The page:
Some of the tasks available can be used to work on impulsivity. For example, a stimulus appears and tells the user to press a button. Then, they have to stop that behavior using the same stimulus in a different color. Others work on visuospatial skills (the ability to place objects in space) with a game in which they have to control a spaceship. All the tasks are dual, so the minors have to carry out two cognitive processes at the same time: “For example, while controlling a rocket, they have to do a mathematical operation,” the neuropsychologist explains.
One of the things that stands out the most about Sincrolab is that the patient can only use the application for the time prescribed by the health professional (psychiatrist, psychologist, or neurologist). Their task is to enter the child’s cognitive profile and the “dose,” that is, the limit on the time it is used.
Once this time has passed, the system stops working until the next cycle. The minimum that has been proven for the method to be effective is 15 minutes, three days a week, but de Ramón says that the psychiatrist can increase the dose depending on the clinical symptoms of each patient. He also highlights that the games are not intended to be a substitute, but rather a complement to traditional methods: “We want to maximize the performance and cognitive stimulation of patients.”
Controlling the time of use is essential, says María del Carmen Ávila, a psychologist who works with children with ADHD. She warns that screens are a continuous source of stimulation and, if we do not regulate how much they are used, it can be counterproductive and cause irritability. Both she and Beatriz Gil Gómez de Liaño, a professor at the Faculty of Psychology at the Autonomous University of Madrid, agree that not just any game will do and only those that are designed for that purpose should be used as therapy.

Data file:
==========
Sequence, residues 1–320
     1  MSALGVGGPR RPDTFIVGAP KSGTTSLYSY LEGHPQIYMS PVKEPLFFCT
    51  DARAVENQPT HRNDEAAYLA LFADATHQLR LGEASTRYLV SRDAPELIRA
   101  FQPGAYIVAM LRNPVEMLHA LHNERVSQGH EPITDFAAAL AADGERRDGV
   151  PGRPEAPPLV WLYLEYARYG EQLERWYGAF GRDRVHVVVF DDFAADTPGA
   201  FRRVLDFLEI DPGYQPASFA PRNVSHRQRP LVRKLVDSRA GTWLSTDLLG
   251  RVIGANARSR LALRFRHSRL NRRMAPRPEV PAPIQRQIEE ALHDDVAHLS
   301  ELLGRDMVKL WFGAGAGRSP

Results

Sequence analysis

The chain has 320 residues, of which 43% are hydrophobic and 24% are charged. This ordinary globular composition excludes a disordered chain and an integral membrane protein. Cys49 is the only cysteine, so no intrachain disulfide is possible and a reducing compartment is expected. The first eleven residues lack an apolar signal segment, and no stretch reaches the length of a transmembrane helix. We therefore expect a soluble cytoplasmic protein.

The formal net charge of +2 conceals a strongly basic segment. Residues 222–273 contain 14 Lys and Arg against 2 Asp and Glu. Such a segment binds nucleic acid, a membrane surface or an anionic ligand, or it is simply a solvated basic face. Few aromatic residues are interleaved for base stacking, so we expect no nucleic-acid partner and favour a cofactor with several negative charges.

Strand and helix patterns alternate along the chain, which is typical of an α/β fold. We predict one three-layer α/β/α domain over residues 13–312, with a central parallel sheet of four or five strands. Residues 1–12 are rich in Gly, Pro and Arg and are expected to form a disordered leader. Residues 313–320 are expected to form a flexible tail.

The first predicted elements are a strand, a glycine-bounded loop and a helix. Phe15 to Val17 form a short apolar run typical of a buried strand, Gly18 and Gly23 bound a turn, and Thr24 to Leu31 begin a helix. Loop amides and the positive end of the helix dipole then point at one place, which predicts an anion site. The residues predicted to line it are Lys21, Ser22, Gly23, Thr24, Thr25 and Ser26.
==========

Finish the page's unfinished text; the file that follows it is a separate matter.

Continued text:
The game of concentration
A project from Spain’s Ministry of Science and Innovation is developing a simple game to study visual search in children with ADHD. Different dolls appear on the screen and patients have to focus their attention to find the ones that they have to click on to reach a given score. Contrary to what the team expected, the children with ADHD performed this task very well. Gil Gómez de Liaño, who is the head researcher on the project, believes that the patients do very well because the game makes them hyperfocused on that task. “A child with ADHD usually gets bored in static tasks; you don’t get their attention. It has to be something more dynamic to be able to draw them in.”
They have added a button in the game that users can use to change the screen, even if the task has not been completed. This allows researchers to study to what extent players make decisions very quickly, whether they rush or not, and the children learn to work with that type of stimulus. The creators of the video game are also developing an application to distribute it and reach more subjects in order to obtain more data.
When video games are incorporated into therapy, “everything can go faster, and it is easier,” says Gil Gómez de Liaño. They speed up the process and that allows the therapist to schedule things that would take much longer if done on paper. “If you know that something works, you can’t throw it away,” the psychologist concludes.